The 21st Century has been great for college football because it’s been bad for nearly everything else.
For the entirety of the 20th Century, the sport was undervalued. It is now on the verge of being overvalued.
This shouldn’t be the time to be discussing the potential burst of the college football bubble. The season is rapidly and finally approaching. The newly launched SEC Network is depositing checks with many zeroes into the bank accounts of ESPN and SEC schools. The forthcoming college football playoff will add many more zeroes to many more bank accounts.
However, the more I hear college presidents and conference commissioners speak, the more I’m worried we’re losing the plot.
There’s no going back on the events of the past three years, when Big Ten commissioner Jim Delany mentioned adding a 12th team to even up his conference and all hell broke loose. The Big 12 nearly died. The Pac-12 nearly ruled them all. The Big East did die. As did the WAC. Texas doesn’t play Texas A&M, Kansas doesn’t play Missouri and West Virginia doesn’t play Pitt.
Up until the 1998 season, college football crowned a mythical national champion. Think about how absurd that is as we enter the playoff era – in 1997, there only two undefeated teams and they didn’t play each other.
While some mistakenly credit the BCS for driving interest in college football, it was merely the notion that fans wanted a true national champion. The BCS, for all its flaws, did that. It was a 2-team tournament that left out many willing participants over the year, but it served its purpose.
At least, it served the purpose that its founders wanted it to. Everything else that followed – the double-hosting model, the 12th game, the conference realignment, the skyrocketing TV deals, the new networks – were not in Roy Kramer’s mind in the 1990’s when he first suggested the BCS.
It’s worth noting here that college football is not more popular than it was 10, 20 or 30 years ago. With the exception of the epic Texas/USC Rose Bowl, the ratings for title games have not matched the peak of 2000 and 2001. This past title game between Florida State and Auburn was only the 9th-highest rated in the BCS era.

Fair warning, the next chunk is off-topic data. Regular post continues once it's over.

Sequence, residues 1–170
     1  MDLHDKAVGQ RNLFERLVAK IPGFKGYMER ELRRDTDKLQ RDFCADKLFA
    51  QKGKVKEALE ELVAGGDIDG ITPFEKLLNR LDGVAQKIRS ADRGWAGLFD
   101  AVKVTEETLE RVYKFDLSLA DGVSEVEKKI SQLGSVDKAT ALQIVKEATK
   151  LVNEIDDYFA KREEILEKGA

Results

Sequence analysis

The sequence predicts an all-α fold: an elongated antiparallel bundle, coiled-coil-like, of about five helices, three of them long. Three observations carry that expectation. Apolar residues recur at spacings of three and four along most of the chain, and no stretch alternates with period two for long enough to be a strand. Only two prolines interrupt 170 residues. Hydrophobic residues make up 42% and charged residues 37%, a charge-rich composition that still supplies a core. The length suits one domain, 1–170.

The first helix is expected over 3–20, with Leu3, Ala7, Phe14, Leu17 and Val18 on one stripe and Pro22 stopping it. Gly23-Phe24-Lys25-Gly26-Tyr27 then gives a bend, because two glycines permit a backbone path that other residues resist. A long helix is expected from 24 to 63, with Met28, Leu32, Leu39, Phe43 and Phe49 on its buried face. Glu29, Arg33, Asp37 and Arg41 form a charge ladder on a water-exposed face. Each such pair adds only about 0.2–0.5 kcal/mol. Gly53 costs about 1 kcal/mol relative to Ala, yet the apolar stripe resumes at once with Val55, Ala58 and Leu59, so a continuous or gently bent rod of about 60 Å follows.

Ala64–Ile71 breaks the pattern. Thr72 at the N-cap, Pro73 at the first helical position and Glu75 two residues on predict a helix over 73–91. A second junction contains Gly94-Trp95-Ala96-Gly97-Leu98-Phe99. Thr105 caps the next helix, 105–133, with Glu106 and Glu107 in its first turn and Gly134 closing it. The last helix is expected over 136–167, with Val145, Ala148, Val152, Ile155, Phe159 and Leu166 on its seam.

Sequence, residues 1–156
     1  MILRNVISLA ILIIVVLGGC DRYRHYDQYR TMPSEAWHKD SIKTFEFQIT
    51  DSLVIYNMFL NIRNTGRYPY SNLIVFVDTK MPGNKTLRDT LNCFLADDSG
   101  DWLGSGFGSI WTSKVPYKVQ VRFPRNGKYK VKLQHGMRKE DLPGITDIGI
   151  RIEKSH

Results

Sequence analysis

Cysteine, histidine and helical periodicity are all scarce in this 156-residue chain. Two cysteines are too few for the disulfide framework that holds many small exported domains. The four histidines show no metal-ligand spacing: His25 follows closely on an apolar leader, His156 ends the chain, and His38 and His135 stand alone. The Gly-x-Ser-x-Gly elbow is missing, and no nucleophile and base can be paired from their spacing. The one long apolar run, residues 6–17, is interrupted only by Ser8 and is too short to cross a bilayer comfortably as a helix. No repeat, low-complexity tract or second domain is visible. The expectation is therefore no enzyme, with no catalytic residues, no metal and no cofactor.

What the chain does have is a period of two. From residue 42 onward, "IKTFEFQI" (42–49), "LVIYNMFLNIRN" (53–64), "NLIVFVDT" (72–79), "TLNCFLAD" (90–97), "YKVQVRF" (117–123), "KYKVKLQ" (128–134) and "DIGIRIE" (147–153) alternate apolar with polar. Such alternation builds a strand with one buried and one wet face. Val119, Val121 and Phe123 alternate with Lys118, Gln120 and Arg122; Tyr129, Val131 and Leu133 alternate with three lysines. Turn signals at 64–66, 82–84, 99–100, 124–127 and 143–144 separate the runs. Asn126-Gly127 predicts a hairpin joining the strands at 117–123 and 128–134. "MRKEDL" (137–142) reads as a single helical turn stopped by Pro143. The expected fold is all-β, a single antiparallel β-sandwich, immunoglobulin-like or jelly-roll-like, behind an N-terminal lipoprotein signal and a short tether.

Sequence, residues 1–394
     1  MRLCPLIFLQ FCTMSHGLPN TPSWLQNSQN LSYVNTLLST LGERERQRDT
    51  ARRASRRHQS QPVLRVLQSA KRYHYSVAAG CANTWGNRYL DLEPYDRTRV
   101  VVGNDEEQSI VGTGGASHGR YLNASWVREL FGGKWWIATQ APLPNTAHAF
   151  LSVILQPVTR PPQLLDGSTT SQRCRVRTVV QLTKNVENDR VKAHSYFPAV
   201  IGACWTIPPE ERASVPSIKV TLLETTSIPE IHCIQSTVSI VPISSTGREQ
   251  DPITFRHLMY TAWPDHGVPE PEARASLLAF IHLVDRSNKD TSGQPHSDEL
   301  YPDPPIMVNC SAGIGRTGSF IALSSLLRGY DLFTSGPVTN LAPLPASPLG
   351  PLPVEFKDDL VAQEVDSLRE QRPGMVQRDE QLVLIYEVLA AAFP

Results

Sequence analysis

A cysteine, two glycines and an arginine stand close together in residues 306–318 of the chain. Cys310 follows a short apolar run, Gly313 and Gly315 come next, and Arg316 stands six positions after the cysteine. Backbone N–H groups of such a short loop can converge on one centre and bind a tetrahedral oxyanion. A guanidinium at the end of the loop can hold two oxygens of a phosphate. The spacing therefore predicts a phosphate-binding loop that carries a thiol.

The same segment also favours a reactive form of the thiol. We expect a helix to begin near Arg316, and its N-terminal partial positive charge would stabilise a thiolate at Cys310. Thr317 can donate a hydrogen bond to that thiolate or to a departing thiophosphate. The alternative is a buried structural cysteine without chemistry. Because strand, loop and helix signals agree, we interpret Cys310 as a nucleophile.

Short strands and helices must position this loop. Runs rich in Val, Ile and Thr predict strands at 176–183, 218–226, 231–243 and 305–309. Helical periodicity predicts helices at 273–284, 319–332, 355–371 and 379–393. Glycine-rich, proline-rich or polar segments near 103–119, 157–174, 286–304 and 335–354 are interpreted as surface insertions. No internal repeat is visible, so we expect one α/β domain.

While there are more games on television, the audiences do not match the heyday of the 1980’s and 1990’s. Florida State/Notre Dame in 1993 drew 22 million viewers. It was the most at the time since the 1991 Orange Bowl, which would have out-rated every BCS title game save one and was going up against the Sugar Bowl.
That’s a long way of saying college football has not grown in popularity in 25 years. The competition has weakened. Thanks to DVRs and Netflix, entertainment programs have shed millions of live viewers. Other sports, namely baseball, have seen its national audiences massively decline. Before LeBron arrived, the NBA was in the same boat.
College football survived and thrived in large part because it was different. There was timelessness to the sport that made it stand out. The rivalries. The tradition. The conferences. The bowl games. New Year’s Day. It begat a product that was greater than the sum of its parts. It’s a testament to the game that it was able to withstand the monumental stupidity of the “double-hosting” BCS model for nearly a decade.
Yet, as we stand on the precipice of another season, there is a never-ending discussion and debate about money. It starts with a college football playoff that is trending toward chaos as things like “strength of schedule” are held up as criteria without any insight into how or why. There remains disagreement over whether to include the “best” teams or the “most deserving” teams.
The Power Five conferences have pushed for autonomy, which in turn has reignited the notion they would break off and form their own Division 4, a sort of NFL-lite that no one is clamoring for.
The moat guarding the big boys gets deeper by the minute, as this horribly depressing article on the future of Navy football illustrates:
"I have no idea what's going to happen. We'll try to make the best out of whatever rummage is left. It's like a tornado comes through and we'll try to rebuild our house with the scraps that are leftover," [Navy head coach Ken Niumatalolo] said. "I've seen some of these things coming for a long time. I don't like it and I don't think it's right, but it's reality. What can we do?"
The best way to describe what makes college football came from President John F. Kennedy, when he asked, “Why does Rice play Texas?” College football was never about the money. It was about Rice trying to beat Texas. Now, they don’t even get a chance to.
So when does the bubble burst?
Is it when cable finally goes a la carte and millions of people balk at paying for ESPN and ESPN2 and Fox Sports 1 and BTN and the Pac-12 Network and the SEC Network and...?
Is it when the Power Five finally break off and college football turns into small-town version of the NFL?
Is it when high school sophomores start signing with agents?
Is it when the SEC expands to 16 teams and Alabama plays Tennessee once a decade?
College football has changed in almost every conceivable way in the past quarter-century. The revenues have skyrocketed to a once-unthinkable degree. There was a romance to college football – the mythical designation of its national champion served to remind. That romance is long gone. Does that matter?
For 2014, it does not. If the leaders of my favorite sport keep going down the path motivated by greed, it will.
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